- MPs can ask questions in their mother-tongues
- Ministers cannot ask questions in their mother-tongues. They have to use English or Hindi.
- MPs can make speeches in their mother-tongues.
- Ministers cannot make speeches in their mother-tongues. They have to use English or Hindi.
- Ministers cannot answer questions in their mother-tongues. They have to use English or Hindi.
120. (1) Notwithstanding anything in Part XVII, but subject to the provisions of article 348, business in Parliament shall be transacted in Hindi or in English: Provided that the Chairman of the Council of States or Speaker of the House of the People, or person acting as such, as the case may be, may permit any member who cannot adequately express himself in Hindi or in English to address the House in his mother-tongue.Of course the undemocratic insistence that all members should "adequately express" themselves "in Hindi or in English" needs to be amended (at least to the extent that Hindi is removed from that list), but Mr. Achary's belief that his unbalanced treatment to MPs and Ministers has constitutional sanction looks to be untrue. Even if one were to interpret "any member" as "any member of parliament", there is sufficient slack in that term itself - since Ministers are, in general, members of parliament (or must be within 6 months of assuming office).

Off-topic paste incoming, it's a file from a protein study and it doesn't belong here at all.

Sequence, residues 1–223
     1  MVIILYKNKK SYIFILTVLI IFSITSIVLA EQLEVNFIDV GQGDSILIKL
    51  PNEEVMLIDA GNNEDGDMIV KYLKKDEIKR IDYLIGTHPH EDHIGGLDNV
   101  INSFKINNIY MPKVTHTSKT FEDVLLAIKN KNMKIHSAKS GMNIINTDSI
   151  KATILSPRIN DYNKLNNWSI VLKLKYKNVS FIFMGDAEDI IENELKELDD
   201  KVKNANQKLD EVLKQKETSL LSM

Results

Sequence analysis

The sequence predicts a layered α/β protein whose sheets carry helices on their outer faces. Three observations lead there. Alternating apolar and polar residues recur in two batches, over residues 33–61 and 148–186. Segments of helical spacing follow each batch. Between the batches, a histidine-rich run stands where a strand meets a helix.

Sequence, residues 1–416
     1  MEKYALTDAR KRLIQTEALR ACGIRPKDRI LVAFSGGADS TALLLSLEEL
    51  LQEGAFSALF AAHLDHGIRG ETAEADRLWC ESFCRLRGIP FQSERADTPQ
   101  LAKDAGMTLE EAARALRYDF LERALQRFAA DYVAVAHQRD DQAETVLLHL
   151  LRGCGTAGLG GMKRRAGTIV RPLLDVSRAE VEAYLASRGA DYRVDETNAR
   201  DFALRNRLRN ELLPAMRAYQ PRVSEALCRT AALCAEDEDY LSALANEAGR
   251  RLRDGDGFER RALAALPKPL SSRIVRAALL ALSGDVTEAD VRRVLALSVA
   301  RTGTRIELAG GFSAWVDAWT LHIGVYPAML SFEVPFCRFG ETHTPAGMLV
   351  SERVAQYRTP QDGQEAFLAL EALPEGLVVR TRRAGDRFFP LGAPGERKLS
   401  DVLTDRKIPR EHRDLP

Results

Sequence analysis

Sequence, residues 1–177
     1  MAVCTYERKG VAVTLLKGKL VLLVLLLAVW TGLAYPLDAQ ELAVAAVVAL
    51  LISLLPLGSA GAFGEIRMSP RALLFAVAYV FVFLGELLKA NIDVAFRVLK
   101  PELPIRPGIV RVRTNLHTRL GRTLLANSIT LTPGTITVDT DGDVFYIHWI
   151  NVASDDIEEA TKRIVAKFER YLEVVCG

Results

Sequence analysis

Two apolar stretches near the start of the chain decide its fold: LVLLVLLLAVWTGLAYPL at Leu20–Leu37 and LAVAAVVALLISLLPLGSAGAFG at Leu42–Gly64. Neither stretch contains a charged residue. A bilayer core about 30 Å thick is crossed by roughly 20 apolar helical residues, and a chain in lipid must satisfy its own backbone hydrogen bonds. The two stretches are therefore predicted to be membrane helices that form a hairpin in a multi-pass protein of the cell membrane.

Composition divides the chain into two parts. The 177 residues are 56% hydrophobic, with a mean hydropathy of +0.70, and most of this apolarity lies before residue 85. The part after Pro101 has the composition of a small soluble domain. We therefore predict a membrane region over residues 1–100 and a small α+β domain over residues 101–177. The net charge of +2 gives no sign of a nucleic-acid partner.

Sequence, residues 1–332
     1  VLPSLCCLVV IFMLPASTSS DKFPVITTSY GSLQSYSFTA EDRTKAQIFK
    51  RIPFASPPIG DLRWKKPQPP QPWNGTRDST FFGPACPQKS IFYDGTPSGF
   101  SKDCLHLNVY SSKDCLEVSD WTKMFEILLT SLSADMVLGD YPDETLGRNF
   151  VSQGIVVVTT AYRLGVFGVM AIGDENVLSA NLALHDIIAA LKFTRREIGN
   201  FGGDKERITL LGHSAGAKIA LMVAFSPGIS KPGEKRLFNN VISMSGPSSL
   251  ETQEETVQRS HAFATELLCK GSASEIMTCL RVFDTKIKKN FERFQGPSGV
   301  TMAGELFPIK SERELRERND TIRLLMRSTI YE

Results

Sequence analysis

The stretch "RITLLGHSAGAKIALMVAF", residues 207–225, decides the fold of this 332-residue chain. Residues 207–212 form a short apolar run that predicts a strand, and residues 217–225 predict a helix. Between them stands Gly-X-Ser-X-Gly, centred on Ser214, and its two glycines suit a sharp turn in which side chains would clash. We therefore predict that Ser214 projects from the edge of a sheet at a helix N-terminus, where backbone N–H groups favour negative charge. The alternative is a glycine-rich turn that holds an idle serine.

Also, in denying permission to Ministers to answer questions in their mother-tongues, Mr. Achary refers not to the constitution, but to precedent! How disappointing! In reality, Mr. Achary would have done nothing unconstitutional if he had indeed allowed Tamil to be used by Ministers. But when precedent takes precedence over the constitution, can there be any justice? And - is this whole unbalanced treatment to MPs and Ministers stemming from the fear that what Ministers say tends to get to the international media to which we want to pretend as a country which speaks either Hindi or English?